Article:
Monocots in Your Designer Garden.

Growing monocots in your designer garden can mean that you are growing specimens of some of the oldest kinds of plants in the world. Why is this significant? There are many reasons, but one of the most important is that when you know how your plants are classified, you have a better understanding of the best way to take care of them.

What are Monocots?

If you are walking through woodland or field, you are unlikely to say, “Oh, look! There is a monocot.” That is because many of its defining characteristics are not immediately noticeable. One of the first and most important is that its seed has one cotyledon or embryo in the seed. Because of this, when the plant begins to grow, it will put up one primary leaf. Plants belonging to this family include most types of grass, maize (sometimes called Indian corn to distinguish it from the various grain types grown in Europe, which are sometimes collectively known as corn), and xanthorrhoea, sometimes called a grass tree – even though it is neither a true grass or a tree. Other characteristics of monocots are that their leaves are usually long and narrow with parallel veins and that the petal on their blossoms is grouped in multiples of three. By now, you are probably nodding and saying, “Oh, yes. I think I have seen many monocots. I just did not know that is what they are called.”

More defining characteristics of Monocots

Monocots often have wide-spreading roots that are located at a shallow depth in the ground. This means that in a strong windstorm, such as might occur in Kansas in the USA, tall monocots such as field corn might be blown over to lie flat upon the ground. This will cause difficulties with pollination and with growing the ears of grain as well as problems with harvesting. Unlike dicots (plants with 2 seed embryos) they do not have long tap roots to help stabilize them.

With that said, the splayed roots of a monocot help it to soak up moisture very quickly, making the most of rainfall in areas when water is scarce. This means that monocots are often good plants to have in a low-water, low-maintenance garden. They are often happy in sandy soil or in loose, nutritious loam.

Monocot Stems

Monocot stems are also unique in the plant world. Unlike woody plants, their vascular uptake structure is more randomly distributed. In some plants, such as the xanthorrhoea, the stem is not a true stem at all, but down-drooping leaves that have glued themselves together with the plant’s sap. In these plants, the stem is often hollow.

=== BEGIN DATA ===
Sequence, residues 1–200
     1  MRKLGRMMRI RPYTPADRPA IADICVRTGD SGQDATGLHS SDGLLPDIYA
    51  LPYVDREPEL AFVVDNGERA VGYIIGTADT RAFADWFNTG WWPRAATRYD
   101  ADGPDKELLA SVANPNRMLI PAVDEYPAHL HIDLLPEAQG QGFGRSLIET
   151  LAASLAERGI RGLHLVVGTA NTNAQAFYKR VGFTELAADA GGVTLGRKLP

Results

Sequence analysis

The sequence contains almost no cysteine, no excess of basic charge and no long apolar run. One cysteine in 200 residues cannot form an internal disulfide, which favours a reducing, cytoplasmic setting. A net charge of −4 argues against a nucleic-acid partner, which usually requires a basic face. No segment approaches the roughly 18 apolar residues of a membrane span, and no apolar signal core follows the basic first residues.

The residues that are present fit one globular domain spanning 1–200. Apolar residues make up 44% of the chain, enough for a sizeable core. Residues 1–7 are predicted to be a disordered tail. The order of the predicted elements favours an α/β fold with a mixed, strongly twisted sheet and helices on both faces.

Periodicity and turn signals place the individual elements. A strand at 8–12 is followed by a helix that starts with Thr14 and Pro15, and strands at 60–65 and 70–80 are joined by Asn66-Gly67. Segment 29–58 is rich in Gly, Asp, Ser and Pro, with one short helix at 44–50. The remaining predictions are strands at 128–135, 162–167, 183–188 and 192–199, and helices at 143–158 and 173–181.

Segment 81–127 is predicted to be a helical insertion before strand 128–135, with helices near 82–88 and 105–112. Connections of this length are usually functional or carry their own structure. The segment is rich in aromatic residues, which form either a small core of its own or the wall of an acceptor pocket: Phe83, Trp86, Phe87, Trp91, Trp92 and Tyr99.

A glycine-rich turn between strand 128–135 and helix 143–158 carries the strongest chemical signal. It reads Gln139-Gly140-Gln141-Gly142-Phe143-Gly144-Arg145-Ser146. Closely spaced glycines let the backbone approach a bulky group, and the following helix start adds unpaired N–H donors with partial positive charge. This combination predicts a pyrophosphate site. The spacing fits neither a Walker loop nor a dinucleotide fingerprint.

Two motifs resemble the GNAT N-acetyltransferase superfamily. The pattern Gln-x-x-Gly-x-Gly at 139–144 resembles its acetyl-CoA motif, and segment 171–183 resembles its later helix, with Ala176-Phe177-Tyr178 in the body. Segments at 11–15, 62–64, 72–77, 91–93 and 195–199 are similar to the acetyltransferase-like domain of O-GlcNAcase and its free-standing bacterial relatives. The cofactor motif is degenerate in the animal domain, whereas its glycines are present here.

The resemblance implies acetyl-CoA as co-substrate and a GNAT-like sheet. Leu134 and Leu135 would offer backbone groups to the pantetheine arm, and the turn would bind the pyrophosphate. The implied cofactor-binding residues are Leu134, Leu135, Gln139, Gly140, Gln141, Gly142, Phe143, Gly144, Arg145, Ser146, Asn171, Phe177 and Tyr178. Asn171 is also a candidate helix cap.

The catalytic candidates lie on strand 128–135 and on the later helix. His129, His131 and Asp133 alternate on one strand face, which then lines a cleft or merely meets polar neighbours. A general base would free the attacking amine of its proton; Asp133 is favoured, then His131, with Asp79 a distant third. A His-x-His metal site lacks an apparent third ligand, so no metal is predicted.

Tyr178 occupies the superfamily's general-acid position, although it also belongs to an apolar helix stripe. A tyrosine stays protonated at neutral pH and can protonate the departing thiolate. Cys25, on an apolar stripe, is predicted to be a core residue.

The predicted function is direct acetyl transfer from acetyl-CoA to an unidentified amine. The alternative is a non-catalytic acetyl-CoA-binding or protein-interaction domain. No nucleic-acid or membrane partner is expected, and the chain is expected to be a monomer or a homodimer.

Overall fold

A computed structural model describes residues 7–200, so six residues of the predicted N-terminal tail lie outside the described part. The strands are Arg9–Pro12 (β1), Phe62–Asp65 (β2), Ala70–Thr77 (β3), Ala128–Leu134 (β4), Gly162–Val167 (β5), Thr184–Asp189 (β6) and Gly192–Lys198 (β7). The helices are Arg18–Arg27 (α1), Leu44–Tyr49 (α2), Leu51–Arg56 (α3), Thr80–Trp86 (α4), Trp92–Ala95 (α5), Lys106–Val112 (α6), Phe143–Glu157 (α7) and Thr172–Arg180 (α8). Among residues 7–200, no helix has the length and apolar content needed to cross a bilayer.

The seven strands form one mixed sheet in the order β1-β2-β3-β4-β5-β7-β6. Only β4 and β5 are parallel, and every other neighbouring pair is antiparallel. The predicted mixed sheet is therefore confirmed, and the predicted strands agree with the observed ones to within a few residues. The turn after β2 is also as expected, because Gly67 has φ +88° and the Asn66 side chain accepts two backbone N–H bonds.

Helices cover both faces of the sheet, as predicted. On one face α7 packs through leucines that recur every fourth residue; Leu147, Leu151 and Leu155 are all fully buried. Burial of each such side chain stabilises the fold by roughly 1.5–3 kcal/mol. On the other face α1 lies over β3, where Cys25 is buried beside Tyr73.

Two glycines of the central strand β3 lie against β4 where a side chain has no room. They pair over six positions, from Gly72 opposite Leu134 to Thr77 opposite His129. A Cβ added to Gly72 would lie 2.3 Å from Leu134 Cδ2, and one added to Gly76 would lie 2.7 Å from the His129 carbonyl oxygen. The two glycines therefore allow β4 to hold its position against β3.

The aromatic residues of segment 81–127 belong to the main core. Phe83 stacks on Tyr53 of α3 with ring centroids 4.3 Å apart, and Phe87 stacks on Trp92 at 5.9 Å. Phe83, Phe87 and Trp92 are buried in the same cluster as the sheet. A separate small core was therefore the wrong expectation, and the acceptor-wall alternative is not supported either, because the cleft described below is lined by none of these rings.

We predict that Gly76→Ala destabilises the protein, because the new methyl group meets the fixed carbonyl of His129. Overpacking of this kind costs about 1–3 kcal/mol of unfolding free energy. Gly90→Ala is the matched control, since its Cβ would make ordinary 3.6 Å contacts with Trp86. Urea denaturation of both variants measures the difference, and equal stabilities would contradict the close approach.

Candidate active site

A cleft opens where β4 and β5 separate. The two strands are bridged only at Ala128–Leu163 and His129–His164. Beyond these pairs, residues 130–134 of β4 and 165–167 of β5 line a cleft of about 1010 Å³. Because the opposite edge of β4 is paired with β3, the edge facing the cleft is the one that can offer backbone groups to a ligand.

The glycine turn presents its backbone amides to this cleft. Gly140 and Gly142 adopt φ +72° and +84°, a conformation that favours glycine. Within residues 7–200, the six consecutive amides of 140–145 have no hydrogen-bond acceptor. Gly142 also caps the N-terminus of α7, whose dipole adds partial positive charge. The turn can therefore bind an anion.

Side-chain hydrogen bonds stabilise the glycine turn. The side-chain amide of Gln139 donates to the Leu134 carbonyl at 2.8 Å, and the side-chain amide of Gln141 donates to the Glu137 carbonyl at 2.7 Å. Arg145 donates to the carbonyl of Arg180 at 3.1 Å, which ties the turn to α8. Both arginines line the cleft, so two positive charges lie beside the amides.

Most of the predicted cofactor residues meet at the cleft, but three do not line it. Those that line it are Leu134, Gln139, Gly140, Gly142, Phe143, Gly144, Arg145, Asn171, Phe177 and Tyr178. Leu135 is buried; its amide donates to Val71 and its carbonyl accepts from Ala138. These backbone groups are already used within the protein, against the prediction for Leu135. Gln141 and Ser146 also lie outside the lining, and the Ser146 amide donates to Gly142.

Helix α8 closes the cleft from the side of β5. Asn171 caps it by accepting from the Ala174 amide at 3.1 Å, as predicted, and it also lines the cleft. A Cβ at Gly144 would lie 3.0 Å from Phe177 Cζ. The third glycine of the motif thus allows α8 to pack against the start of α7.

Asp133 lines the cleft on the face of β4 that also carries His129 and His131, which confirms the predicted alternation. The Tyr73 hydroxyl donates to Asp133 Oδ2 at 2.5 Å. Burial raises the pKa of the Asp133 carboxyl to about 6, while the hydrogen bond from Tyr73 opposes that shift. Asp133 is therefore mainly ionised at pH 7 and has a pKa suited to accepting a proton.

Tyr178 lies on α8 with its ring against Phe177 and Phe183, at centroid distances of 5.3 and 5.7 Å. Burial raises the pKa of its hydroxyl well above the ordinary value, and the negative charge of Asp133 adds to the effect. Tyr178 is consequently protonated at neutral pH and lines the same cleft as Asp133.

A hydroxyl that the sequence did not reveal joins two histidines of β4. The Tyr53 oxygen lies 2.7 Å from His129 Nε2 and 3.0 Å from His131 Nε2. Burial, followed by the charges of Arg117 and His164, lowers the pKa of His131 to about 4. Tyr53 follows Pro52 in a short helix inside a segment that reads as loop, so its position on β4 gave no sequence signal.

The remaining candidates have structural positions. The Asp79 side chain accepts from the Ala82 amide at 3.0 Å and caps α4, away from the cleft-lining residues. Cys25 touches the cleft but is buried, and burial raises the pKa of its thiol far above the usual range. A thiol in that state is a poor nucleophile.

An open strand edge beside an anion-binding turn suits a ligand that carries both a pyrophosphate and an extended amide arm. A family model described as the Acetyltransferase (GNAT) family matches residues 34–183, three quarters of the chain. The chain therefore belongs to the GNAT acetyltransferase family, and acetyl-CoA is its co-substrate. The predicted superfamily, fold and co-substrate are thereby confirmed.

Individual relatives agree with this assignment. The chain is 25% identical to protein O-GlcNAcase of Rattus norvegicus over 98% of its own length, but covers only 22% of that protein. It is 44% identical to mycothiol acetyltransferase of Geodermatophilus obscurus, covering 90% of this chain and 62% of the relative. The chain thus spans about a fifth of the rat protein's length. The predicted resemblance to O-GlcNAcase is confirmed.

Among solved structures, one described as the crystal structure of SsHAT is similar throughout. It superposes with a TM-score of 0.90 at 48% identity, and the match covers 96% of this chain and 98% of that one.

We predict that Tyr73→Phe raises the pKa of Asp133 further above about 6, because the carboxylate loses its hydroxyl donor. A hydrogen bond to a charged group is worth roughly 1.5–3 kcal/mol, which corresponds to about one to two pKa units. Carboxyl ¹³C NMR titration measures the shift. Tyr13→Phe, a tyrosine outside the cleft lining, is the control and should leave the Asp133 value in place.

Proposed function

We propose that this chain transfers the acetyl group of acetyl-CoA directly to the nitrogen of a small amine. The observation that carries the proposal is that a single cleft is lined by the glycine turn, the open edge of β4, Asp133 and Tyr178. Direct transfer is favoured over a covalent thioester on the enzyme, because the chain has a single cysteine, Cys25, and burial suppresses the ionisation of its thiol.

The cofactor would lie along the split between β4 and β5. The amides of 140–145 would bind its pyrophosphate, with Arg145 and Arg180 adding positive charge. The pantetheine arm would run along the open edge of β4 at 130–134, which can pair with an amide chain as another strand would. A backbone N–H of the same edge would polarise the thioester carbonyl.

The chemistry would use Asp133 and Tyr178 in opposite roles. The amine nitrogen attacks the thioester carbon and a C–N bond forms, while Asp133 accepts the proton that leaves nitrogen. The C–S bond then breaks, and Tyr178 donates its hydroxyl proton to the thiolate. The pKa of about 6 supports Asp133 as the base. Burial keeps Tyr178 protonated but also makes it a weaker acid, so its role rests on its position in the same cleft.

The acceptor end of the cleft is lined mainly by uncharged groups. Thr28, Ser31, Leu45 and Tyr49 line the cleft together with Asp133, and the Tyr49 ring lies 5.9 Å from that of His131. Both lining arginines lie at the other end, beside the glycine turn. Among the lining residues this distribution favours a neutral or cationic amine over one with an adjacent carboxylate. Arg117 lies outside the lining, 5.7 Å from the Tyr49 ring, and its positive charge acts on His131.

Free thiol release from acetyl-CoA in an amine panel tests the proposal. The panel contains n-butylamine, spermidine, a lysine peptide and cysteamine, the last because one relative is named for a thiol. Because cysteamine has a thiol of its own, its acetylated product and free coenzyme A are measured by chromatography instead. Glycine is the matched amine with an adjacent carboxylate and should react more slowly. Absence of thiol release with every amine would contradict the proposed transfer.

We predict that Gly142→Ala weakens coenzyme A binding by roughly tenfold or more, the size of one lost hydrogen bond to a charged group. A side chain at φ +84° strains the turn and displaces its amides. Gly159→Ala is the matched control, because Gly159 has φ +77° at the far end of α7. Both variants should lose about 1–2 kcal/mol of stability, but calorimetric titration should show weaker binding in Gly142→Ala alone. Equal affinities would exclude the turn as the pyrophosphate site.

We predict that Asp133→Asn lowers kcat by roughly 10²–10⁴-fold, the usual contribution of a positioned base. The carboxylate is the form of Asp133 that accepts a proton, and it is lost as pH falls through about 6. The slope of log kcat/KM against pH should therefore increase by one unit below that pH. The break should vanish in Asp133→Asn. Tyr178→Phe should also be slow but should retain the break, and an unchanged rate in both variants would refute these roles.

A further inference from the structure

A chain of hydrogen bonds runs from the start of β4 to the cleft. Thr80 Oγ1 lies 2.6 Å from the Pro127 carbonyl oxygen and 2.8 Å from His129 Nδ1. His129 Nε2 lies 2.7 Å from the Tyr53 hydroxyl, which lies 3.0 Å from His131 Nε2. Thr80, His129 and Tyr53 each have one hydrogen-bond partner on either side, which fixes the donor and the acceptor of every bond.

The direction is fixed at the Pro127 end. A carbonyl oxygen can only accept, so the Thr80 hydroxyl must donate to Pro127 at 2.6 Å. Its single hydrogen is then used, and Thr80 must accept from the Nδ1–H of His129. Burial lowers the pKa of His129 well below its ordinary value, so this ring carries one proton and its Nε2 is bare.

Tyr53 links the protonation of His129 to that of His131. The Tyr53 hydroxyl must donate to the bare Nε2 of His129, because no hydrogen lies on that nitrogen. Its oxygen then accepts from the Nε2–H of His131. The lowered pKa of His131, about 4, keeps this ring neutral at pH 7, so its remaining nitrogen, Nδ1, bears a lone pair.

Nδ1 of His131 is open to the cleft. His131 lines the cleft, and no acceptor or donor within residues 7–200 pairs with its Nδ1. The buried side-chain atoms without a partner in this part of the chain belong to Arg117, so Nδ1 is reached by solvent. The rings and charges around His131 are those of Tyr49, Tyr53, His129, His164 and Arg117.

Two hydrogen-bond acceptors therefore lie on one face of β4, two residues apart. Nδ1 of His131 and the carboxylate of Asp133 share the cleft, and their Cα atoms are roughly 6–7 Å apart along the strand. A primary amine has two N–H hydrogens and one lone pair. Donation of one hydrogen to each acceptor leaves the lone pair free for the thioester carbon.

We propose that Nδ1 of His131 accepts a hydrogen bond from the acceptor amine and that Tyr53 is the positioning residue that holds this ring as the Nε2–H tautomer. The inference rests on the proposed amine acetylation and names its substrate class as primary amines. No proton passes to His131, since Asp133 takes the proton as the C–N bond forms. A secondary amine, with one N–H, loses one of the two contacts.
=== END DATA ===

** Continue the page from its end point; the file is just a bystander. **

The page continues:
Those down-drooping leaves have another purpose for xanthorrhoea, Yucca filifera and Yucca rostrata. They provide a sort of armour for the central stem, helping the plant survive minor brush fires and similar disasters.

Some general notes about Monocots:

There are about 60,000 kinds of monocots growing on earth today. Of these, about 50 types of monocots are unique to Australia. Xanthorrhoea is among those unique to the island continent.

Additional notes about Xanthorrhoea, a unique monocot of Australia

There are several different kinds of xanthorrhoea that grow in Australia. The Glauca grass tree is perhaps one of the best known. This particular type of grass tree armours itself against forest fires by plastering its drooping leaves back against the main stem of the plant. This is not a complete fire-proofing, of course, but one of its characteristics is that it will be one of the first plants to grow back after a region has experienced a fire. Its seeds are structured so that the heat from the fire will encourage them to germinate.

Another important note is that xanthorrhoea has a symbiotic relationship with a specific type of mycorrhiza, without which the plant will eventually sicken and die. This is a good reason to get your Glauca Grass Tree from a licensed, reputable seller, such as Designer Trees.

Blossoms on the Big Monocots

Big monocots such as xanthorrhoea and various types of yucca put up a tall bloom spike that will grow waxy blossoms that are highly attractive to all sorts of pollinators and even to human survivalists.

Monocots in Your Designer Garden

There are a broad variety of monocots that can be planted in your garden. Each one is unique in its attractive characteristics, and most are excellent for low-water planting areas. These are only a few of the reasons why you will want to grow monocots as part of your designer garden.


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